Compare and Contrast Qualitative and Quantitaitve Research Methods
Charles Stuart University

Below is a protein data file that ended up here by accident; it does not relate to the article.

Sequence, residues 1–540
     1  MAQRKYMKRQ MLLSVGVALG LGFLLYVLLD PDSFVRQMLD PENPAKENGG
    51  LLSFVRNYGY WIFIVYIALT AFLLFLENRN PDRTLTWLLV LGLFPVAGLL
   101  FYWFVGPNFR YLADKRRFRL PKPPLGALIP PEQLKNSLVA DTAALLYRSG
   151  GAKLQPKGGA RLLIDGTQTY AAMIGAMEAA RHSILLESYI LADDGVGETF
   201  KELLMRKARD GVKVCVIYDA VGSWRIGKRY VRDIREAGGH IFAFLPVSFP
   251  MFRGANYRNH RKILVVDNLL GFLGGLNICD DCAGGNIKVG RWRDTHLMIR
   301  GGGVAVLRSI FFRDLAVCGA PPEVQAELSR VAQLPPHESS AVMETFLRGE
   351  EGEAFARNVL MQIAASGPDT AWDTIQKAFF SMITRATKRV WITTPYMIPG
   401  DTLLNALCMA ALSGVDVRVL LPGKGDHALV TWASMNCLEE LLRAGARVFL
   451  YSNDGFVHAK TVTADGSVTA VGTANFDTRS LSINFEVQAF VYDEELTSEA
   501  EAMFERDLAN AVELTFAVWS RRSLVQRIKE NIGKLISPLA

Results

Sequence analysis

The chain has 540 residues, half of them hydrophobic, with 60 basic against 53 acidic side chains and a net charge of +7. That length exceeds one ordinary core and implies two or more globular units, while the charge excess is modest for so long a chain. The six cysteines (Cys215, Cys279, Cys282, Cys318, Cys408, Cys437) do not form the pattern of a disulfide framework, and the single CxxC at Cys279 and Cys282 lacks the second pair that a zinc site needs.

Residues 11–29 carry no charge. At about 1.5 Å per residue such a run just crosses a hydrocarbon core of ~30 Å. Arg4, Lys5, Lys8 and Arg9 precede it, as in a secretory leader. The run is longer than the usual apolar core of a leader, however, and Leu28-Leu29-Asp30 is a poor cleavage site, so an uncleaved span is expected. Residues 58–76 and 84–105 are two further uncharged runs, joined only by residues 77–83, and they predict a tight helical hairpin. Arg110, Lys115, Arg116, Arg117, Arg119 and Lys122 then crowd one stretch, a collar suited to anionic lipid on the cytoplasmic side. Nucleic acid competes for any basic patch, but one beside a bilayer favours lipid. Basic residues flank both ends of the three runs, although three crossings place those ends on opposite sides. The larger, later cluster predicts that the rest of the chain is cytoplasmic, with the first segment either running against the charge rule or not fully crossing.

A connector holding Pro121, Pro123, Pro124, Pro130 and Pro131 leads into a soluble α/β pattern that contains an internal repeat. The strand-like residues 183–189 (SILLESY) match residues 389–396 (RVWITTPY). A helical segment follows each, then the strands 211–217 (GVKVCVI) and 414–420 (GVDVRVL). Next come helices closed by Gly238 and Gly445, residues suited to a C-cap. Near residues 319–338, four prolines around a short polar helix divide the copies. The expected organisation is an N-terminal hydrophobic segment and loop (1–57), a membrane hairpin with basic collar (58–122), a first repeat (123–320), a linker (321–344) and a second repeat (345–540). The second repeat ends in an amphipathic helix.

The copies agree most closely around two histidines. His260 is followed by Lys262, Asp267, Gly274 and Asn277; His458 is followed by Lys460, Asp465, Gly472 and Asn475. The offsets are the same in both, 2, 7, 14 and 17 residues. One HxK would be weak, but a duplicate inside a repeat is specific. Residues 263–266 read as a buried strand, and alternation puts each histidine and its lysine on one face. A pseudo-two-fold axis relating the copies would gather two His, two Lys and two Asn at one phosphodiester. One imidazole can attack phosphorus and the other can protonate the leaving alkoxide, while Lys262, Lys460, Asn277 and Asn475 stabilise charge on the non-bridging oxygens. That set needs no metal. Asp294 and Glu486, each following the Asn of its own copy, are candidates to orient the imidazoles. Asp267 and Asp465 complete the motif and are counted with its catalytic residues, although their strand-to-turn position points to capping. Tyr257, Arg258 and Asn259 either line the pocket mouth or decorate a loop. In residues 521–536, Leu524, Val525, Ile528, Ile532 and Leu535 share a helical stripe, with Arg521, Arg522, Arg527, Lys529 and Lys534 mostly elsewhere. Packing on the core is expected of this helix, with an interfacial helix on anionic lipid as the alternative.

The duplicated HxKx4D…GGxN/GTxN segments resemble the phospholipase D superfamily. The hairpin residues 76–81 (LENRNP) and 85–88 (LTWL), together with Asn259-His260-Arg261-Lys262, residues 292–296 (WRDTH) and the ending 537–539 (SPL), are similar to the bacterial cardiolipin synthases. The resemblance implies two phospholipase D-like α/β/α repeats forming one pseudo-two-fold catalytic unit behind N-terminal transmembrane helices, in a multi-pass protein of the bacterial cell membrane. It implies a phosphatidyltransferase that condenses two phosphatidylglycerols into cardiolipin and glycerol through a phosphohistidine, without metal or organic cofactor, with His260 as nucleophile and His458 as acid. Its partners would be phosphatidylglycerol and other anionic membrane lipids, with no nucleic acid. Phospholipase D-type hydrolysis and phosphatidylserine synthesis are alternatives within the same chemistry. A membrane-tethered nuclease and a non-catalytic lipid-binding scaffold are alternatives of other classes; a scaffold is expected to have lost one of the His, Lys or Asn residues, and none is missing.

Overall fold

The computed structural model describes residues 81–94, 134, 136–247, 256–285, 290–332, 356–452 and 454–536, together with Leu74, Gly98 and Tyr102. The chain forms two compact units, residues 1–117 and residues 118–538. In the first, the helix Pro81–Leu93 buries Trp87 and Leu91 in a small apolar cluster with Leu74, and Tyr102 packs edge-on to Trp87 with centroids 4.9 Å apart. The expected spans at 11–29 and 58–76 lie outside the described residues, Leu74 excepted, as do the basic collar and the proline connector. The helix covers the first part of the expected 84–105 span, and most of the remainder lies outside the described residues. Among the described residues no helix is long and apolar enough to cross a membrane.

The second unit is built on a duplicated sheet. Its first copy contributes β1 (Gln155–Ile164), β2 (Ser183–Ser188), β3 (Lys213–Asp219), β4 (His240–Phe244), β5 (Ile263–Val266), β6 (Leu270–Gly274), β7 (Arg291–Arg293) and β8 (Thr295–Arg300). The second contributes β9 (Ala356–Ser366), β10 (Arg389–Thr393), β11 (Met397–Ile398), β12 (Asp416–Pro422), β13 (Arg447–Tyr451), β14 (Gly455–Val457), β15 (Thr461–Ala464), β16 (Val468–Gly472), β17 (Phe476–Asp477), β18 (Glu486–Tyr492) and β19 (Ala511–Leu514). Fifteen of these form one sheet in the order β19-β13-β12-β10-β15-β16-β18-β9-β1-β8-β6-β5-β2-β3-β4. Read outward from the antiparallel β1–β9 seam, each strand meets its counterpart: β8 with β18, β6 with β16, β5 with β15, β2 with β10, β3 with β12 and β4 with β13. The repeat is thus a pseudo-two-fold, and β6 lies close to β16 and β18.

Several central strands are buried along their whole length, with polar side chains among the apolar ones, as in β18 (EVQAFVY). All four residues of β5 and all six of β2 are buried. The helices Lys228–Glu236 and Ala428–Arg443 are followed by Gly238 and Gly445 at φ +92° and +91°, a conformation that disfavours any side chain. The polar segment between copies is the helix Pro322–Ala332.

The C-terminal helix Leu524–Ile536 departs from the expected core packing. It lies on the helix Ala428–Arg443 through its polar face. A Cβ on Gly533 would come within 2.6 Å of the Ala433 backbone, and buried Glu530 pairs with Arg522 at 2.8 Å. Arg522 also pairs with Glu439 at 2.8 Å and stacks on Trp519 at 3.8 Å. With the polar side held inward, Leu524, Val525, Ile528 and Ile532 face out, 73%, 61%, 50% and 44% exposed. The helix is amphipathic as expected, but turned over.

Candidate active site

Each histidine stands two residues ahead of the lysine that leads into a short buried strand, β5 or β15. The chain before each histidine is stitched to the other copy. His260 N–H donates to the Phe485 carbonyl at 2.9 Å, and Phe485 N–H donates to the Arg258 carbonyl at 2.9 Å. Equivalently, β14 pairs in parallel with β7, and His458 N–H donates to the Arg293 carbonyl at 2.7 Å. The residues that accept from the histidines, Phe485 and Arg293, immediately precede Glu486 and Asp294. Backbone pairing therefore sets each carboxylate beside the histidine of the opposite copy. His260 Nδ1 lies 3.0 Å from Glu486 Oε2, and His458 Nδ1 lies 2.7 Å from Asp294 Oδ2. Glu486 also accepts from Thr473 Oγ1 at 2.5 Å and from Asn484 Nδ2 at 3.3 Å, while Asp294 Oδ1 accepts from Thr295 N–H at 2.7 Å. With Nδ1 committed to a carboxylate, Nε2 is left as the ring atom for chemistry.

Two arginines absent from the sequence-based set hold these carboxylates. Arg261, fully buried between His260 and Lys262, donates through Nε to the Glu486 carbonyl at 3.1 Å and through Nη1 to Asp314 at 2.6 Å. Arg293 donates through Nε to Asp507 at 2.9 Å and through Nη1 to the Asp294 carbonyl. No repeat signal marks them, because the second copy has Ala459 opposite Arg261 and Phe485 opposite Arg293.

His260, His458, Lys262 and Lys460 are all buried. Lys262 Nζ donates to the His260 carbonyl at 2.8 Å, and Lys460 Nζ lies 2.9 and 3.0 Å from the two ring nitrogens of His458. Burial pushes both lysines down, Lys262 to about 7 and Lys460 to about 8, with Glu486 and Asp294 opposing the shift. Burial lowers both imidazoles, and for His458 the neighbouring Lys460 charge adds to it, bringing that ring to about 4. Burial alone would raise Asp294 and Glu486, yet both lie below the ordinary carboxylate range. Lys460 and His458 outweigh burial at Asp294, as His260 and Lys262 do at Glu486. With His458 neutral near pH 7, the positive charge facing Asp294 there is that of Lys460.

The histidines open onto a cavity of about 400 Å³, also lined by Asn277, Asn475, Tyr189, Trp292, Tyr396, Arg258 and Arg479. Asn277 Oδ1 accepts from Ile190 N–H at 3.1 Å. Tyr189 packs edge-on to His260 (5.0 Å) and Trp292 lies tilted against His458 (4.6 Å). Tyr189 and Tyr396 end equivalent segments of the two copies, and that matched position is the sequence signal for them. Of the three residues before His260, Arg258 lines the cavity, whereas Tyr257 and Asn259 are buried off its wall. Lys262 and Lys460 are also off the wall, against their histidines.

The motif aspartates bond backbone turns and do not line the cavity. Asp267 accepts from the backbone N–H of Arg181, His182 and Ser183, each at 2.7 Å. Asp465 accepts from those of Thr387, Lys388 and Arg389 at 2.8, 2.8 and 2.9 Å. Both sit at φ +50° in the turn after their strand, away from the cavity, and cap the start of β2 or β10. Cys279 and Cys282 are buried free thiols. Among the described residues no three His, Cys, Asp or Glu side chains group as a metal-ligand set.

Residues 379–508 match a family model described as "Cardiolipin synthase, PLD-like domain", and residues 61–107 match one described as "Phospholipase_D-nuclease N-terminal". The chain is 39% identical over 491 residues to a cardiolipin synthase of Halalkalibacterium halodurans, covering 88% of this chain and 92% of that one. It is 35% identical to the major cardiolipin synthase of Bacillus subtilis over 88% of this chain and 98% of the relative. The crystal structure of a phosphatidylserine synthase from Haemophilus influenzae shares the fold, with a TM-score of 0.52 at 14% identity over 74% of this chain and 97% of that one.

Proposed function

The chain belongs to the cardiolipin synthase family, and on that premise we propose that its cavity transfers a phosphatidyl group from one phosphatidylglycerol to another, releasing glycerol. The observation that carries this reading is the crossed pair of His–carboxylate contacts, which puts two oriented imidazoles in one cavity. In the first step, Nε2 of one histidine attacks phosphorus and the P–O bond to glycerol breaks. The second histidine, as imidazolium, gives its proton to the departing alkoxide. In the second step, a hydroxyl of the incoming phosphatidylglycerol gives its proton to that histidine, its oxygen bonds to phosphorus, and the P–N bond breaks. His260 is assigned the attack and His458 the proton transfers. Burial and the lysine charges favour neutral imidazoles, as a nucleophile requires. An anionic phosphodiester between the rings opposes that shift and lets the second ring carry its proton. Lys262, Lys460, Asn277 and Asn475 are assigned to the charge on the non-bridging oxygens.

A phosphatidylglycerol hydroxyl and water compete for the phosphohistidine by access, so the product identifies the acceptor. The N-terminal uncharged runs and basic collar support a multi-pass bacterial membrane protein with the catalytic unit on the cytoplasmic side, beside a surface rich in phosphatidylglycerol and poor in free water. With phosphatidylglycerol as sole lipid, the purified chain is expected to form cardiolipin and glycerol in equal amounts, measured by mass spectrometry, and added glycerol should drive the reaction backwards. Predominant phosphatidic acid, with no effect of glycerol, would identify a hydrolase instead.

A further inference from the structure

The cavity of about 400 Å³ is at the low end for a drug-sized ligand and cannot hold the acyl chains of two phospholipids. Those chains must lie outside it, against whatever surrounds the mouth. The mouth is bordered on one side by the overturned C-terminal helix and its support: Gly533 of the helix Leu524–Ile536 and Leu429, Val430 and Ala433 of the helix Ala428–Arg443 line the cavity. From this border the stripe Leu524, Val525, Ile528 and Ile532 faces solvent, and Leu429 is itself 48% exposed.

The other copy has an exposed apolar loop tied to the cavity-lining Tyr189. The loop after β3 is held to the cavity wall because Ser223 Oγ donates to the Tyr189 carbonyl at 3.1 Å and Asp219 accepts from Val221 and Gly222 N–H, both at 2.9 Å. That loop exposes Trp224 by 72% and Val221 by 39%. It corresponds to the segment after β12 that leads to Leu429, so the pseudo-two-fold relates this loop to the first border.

Compare and Contrast Qualitative and Quantitative Research Methods Qualitative research methods are complex meaningful analysis characterised by processes and meanings that are not experimentally examined or measured in terms of mathematical measurements (Lincoln, 2003; Sarantakos, 2005). Quantitative research however, relies and builds on mathematical procedures and methods, such as frequency, quality, amount and statistical procedure. This paper will compare and contrast both qualitative and quantitative research methods endeavouring to highlight differences and similarities between the two methods. Qualitative analysis is a detailed, focused and deep process that seeks to find meaning in social experience (Burton 2007/2010). Qualitative analysis adds emphasis to questions that stress ‘how’ or ‘what meaning’ is created and given to certain situations. This is done using ethnographic style, first person accounts, and biographical and autobiographical materials (Sarantakos, 2005). Qualitative research has an interpretative approach and is subjective. This style of research often sees the researcher spending many hours in direct personal contact with those being studied. This style of research is often referred to as an interpretative researcher; observing and recording amounts of information and understanding the meaning in regards to everyday life (Neuman, 2006). Quantitative research methods involve data that has numerical meaning, a measurement, such as height, weight, blood pressure or a particular score (Howell, 2008). The emphasis in this research method is on measurement and the understanding of the relationship between variables (Lincoln, 2003). Quantitative analysis therefore relies and builds on mathematical procedures, such as frequency, mode, median, amount and statistical procedure. The research is then usually
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